15. An Equality Screening was carried out on the Bill. This policy does not have any adverse impact on any group. Consideration has been given to these subsequent regulations to ensure compliance with Section 75 of the Northern Ireland Act 1998 and no further equality issues relating to designation have been identified. There is no Clause within the Bill which discriminates against any person or class of person on the ground of religious belief or political opinion contrary to Section 6(2)(e) of the Northern Ireland Act. The proposals will have the potential to impact any person in Northern Ireland who is living in the private rented sector or any landlord or agent working in the private rented sector. We know that younger households are more likely to be renting – according to the NI Family Resources Survey, around 40% of households aged 25-34 are renters, and one in five households aged 35-44 are renters. In addition, according to labour statistics for NI we know that 15% of the NI workforce is ‘self-employed’ and a further 6% are in ‘temporary contracts’ – this amounts to 50,000 workers who are also likely to be younger and renting. UK Ministers have confirmed that the three-month mortgage holiday will be extended to landlords whose tenants are experiencing difficulties due to the coronavirus situation.This is aimed at alleviating the concerns of landlords, who might be worried about meeting mortgage payments, and should therefore mean no unnecessary pressure is put on their tenants. The overall policy intent is to reduce unnecessary pressures on the health care, social care and local authority systems that is caused by homelessness. We want to ensure that tenants are protected, particularly at times when their income streams may be vulnerable, and they will be worried about the health and well-being of themselves and their families.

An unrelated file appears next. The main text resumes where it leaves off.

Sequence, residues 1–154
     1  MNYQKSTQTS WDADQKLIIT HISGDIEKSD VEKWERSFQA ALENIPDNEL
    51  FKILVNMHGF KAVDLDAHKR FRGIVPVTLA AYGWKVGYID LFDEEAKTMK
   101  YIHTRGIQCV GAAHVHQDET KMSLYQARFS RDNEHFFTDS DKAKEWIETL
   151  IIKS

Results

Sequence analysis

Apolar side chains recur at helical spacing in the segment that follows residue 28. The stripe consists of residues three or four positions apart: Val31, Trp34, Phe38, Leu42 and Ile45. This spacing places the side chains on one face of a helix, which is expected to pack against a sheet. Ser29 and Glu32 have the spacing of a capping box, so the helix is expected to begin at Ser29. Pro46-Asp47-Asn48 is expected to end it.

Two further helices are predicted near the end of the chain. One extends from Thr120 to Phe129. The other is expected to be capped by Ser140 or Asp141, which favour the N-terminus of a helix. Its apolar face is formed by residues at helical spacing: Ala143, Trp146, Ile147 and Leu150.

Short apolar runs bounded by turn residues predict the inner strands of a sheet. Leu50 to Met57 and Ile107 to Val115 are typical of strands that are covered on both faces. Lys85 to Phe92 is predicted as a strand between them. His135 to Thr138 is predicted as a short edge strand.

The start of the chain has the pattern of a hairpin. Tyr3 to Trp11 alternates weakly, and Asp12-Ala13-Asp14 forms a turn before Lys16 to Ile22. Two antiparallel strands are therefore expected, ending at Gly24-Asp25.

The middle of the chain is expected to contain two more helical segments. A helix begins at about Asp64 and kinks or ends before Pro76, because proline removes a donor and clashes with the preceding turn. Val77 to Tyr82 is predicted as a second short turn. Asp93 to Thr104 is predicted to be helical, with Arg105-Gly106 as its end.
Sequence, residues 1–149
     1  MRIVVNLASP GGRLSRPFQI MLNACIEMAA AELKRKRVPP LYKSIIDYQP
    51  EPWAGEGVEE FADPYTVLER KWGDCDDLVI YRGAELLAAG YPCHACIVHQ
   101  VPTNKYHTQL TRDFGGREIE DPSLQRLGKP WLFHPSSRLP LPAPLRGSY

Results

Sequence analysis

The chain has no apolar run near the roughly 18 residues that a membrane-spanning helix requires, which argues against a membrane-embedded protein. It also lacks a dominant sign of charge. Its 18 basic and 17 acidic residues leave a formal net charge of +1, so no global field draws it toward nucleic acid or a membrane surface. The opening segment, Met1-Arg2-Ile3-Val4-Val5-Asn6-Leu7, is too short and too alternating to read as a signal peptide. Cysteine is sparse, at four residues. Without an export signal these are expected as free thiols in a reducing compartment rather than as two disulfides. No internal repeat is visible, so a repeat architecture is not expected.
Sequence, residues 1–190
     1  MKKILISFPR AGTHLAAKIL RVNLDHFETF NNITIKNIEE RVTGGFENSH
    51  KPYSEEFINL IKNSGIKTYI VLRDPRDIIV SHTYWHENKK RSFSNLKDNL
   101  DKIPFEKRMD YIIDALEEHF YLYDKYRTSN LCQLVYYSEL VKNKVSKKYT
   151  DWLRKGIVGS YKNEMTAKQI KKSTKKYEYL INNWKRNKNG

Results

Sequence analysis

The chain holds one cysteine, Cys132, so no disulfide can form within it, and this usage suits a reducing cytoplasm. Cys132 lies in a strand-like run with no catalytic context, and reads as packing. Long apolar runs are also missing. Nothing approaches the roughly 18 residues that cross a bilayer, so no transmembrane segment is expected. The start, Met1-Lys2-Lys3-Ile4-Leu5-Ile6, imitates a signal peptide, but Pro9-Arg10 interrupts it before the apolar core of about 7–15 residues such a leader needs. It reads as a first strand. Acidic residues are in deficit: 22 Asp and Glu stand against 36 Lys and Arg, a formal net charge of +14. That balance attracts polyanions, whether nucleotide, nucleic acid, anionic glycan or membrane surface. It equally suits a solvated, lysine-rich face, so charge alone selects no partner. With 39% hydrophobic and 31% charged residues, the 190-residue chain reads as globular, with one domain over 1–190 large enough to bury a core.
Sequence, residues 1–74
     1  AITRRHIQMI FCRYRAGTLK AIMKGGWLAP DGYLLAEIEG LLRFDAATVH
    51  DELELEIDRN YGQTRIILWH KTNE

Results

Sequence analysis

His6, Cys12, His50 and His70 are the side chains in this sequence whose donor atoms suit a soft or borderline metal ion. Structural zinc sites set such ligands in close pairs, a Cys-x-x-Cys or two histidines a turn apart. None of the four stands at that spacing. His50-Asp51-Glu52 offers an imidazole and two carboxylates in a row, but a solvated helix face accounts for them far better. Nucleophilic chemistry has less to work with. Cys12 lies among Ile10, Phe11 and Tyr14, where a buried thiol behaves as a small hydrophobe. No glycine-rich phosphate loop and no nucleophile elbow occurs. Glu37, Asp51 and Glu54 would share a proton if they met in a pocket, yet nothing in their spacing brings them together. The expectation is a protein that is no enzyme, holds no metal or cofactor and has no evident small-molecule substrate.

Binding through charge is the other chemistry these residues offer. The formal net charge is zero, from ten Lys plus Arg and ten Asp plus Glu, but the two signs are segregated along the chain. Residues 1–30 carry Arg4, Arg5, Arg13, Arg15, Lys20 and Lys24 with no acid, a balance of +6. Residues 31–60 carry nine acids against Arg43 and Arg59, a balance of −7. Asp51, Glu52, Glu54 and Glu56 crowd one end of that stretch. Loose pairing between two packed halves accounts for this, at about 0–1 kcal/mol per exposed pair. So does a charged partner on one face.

Regulatory Impact Assessment
16. A regulatory impact assessment is not considered necessary in view of the urgency required in order to protect private tenants from eviction and encourage self-isolation, thereby minimising the risks to public health arising from coronavirus.
Programme For Government
17. Due to the coronavirus emergency it has been necessary for the Department to take steps to introduce measures to help prevent or reduce significant numbers of households in NI becoming or being under threat of being homeless at a time of national crisis when housing, health and other public services are under extreme pressure and where there is significant risk to individuals to health and wellbeing as a result.It is in the public interest to introduce this legislation which conforms with outcomes 4 & 8 of the 2019/20 Outcomes Delivery Plan which impacts on reducing housing stress caring for others and helping those in need, to ensure the health safety and well-being of tenants at this time. It is considered that the Bill will reduce unnecessary pressures on the health care, social care and local authority systems particularly at this time when their income streams will be vulnerable.
18. The Minister for Communities had made the following statement under section 9 of the Northern Ireland Act 1998:
“In my view the Private Tenancies (Coronavirus Modifications) Bill would be within the legislative competence of the Northern Ireland Assembly.”